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Central Asia Fellows 2015

Anceschi Luca, University of Glasgow, UK

“The Geo-Strategic Implications of the TAPI Pipeline Project”
(May-June 2015)

Biography:
Luca Anceschi is Lecturer in Central Asian Studies at the University of Glasgow. A graduate of the University of Napoli L’Orientale and of La Trobe University (Melbourne, Australia), his research has been mostly concerned with the Politics and International Relations of post-Soviet Central Asia. His first book, Turkmenistan’s foreign policy – Positive Neutrality and the Consolidation of the Turkmen regime (Routledge 2008), represented the first book-length account of Turkmenistani foreign policy published in Western languages. His articles have appeared on Central Asian Survey, Europe-Asia Studies, Nationalities Papers,and the Journal of Arabian Studies. He is currently completing a monograph entitled Kazakhstan’s foreign policy – Regime neo-Eurasianism in the Nazarbaev era (forthcoming with Routledge).

Abstract:
In early October 2014, Gazprom announced its decision to suspend purchases of natural gas from Central Asian providers, opting not to engage in any future negotiation to renew existing contracts with key regional exporters, including Uzbekistan and, most notably, Turkmenistan. While capturing on the one hand the impact that recently imposed economic sanctions are exerting on the Russian economy, this announcement raises on the other a number of critical questions on the long-term energy strategy of post-Soviet Turkmenistan – Central Asia’s largest exporter of natural gas. As Gazprom announced its eventual withdrawal from the Central Asian gas market, and with the Turkmenistani-Iranian energy relationship entering a phase of decline, gas trade with China now remains the only long-term option for the commercialisation of Turkmenistan’s natural gas. This scenario, given the one-dimensional nature of the Turkmenistani economy, is likely to raise a few eyebrows in Ashgabat, where successive regimes have pursued – with different emphases at different junctures – a fairly consistent strategy of diversification for Turkmenistan’s gas linkages.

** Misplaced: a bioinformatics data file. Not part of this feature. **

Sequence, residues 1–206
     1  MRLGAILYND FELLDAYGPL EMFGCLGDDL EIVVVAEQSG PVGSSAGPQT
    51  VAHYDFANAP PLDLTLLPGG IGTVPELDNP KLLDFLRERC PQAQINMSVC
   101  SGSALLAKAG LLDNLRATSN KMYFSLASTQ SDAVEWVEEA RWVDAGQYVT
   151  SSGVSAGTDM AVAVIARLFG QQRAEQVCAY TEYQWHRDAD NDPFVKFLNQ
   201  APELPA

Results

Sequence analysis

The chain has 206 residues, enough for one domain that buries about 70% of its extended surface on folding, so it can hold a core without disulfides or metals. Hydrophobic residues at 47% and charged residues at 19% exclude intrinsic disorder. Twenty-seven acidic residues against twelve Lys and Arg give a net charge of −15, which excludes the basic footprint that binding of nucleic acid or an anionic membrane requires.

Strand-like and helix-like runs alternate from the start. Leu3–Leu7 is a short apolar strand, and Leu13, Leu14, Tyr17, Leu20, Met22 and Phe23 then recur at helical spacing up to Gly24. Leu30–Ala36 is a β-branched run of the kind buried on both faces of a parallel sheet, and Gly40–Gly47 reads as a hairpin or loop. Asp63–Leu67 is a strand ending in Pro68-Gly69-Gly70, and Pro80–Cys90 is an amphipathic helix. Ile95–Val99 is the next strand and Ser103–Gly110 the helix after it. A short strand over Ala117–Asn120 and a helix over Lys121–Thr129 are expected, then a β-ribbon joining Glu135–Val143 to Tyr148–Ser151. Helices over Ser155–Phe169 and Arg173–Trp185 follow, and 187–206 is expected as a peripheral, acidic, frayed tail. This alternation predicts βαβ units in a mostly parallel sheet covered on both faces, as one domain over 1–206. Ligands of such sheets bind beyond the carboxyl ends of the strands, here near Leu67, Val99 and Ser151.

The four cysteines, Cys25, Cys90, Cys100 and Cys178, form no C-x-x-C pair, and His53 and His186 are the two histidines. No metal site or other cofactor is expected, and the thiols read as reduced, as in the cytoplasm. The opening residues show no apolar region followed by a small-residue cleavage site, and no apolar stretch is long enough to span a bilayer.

Within this strategy, a relatively significant, if at times rhetorical, role has been played by the Turkmenistan-Afghanistan-Pakistan-India (TAPI) pipeline – an ambitiously designed infrastructure project that aims to connect Turkmenistan’s eastern gas fields (and the giant Galkynysh field more in particular) with the economies located on the Indian sub-continent. In early July 2014, the conclusion of a major operational agreement involving the four state-partners removed the final obstacles to the full implementation of the TAPI framework. The entry into line of the TAPI gas pipeline – currently scheduled for late 2017 – will inevitably reshape Turkmenistan’s energy outlook and, more widely, is expected to revolutionise the geopolitics of Eurasian natural gas. It is precisely to these closely interconnected processes that this study devotes its core attention. The study aims to:

  1. Contextualise recent developments in the operationalisation of the TAPI pipeline project;
  2. Investigate the specific strategies through which Turkmenistan’s energy policy reacted to the progress of the TAPI framework; and
  3. Relate TAPI’s operationalisation prospects to the gas strategies devised by key Eurasian exporters (Russia, Iran) and importers (China).

Email: Luca.Anceschi [at] glasgow.ac.uk